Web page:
Since I am not a word, but am curious about the experience of being a word, I asked author Shelley Jackson if I could photograph some of her words from the novel SKIN. She agreed and gave me the email addresses for the following words: the internal food table, lungs lineaments law, across mouthpiece. Remember? The novel SKIN exists in tattoos. In order to read the novel, one has to participate in the text by applying to become a word, and if you get chosen, the word must be inked on your skin in book font. Once the author receives a photograph proving the word is tattooed on your skin along with the signed disclaimer stating that you will never share the story with anyone else who is not a word, only then can you read the coveted story.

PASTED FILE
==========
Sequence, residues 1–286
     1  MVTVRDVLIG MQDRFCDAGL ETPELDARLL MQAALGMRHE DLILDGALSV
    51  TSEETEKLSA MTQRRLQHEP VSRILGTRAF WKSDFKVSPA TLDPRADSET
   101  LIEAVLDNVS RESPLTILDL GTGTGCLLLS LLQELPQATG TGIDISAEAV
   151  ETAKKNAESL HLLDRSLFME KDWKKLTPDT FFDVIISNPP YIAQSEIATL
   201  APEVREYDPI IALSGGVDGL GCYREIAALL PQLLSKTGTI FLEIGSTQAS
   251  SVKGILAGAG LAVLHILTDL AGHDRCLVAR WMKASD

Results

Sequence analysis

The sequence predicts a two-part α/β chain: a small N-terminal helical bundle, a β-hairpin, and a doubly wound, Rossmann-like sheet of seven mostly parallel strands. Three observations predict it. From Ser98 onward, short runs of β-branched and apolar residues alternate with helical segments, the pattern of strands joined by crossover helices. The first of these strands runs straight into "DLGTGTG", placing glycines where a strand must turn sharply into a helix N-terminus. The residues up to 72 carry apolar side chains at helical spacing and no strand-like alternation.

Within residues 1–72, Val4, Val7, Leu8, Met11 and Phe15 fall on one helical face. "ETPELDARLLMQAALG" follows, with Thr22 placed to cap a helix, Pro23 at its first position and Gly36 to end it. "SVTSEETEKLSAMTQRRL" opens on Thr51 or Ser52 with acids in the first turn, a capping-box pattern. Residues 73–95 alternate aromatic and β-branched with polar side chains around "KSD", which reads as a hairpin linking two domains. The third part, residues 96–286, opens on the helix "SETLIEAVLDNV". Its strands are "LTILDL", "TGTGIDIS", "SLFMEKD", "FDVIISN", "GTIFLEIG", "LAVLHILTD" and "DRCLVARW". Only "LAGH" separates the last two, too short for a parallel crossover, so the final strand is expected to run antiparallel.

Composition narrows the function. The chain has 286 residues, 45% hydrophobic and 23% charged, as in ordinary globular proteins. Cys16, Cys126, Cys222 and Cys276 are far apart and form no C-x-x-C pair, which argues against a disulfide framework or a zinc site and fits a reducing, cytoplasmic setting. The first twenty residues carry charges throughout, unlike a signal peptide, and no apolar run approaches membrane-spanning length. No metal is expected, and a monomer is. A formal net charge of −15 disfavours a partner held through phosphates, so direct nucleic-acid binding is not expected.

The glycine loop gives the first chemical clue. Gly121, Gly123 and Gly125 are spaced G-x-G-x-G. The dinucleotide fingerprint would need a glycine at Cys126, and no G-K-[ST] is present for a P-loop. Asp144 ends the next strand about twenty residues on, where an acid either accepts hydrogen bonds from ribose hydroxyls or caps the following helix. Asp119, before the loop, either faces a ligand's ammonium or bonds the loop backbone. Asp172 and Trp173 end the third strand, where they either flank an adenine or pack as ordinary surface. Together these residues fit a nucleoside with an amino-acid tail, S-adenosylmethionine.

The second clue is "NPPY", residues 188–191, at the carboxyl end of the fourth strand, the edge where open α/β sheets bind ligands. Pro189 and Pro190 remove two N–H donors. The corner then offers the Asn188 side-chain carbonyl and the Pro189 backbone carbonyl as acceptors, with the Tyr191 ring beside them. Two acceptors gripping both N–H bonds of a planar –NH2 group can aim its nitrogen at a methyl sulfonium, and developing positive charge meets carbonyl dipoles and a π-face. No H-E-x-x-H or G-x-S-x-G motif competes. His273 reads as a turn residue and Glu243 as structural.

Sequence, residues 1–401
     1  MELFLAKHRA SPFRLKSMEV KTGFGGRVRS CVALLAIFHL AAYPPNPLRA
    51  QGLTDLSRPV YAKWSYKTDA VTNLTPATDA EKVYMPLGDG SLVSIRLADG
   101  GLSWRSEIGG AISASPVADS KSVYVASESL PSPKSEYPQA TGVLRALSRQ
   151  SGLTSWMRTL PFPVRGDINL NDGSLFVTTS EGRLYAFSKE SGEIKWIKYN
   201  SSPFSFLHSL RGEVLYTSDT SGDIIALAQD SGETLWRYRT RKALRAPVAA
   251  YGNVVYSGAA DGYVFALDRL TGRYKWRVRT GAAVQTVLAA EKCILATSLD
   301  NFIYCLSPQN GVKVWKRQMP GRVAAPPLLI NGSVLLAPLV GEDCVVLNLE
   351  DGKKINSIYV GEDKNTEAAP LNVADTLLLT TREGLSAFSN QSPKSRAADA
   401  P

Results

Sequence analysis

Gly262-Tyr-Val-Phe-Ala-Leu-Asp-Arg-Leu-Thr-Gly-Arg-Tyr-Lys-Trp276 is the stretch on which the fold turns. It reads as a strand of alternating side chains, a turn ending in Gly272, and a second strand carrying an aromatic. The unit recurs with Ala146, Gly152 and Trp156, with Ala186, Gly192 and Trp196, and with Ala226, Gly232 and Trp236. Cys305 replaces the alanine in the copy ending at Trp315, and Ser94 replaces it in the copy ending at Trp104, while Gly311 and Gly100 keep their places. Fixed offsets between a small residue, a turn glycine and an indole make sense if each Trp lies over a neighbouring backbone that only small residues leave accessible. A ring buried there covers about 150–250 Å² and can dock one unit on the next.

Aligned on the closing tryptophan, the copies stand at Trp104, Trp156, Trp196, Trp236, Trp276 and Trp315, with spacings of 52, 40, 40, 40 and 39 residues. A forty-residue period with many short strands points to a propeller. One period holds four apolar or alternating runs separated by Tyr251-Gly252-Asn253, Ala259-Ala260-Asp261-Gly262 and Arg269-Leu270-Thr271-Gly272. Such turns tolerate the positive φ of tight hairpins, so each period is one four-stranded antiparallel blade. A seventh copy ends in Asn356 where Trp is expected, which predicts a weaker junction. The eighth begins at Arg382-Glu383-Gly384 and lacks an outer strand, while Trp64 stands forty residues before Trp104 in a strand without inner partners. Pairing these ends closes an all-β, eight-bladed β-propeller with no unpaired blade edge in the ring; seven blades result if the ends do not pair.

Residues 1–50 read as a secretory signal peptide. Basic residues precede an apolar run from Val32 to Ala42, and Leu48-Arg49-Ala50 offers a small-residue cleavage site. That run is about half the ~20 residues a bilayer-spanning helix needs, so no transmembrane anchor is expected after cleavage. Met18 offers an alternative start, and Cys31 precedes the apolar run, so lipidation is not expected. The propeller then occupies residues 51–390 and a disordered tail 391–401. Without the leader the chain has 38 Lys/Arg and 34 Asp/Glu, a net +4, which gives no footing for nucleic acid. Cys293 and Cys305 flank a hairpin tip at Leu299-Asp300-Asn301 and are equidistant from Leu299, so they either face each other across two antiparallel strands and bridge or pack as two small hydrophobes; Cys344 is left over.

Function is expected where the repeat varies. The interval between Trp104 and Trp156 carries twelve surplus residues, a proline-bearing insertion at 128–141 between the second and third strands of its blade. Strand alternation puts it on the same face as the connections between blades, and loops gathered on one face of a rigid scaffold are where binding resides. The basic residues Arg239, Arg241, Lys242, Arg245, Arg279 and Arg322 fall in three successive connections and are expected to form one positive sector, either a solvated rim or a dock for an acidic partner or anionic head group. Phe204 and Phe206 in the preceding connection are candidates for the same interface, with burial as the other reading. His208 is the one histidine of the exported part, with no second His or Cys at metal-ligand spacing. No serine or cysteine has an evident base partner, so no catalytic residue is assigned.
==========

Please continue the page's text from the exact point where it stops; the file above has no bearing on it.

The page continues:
Paul Griffiths' most recent novel, let me tell you, is a spare work of engulfing mystery and power, although its technique is highly conceptual: he has set himself the task of telling Ophelia's story from her own point of view, using no more than the 483-word vocabulary Shakespeare allotted her in Hamlet. This is hardly the first time a modern writer has attempted to scatter new seeds in this corner of Shakespeare's garden, but few have approached it with Griffith's fluid imagination and verbal sophistication, a talent he has developed as much from his career as a music critic and historian as in the role of a literary man. Even a naive reader will be captivated by Griffiths' touching portrait of Ophelia, as she grows up in an ensnaring web spun by the habits, desires, and social obligations of her father, her brother, the queen, the old and new kings, and, of course, the Prince. But in this case, she is no victim. With her own native ingenuity and a healthy desire to survive, she finds a way out.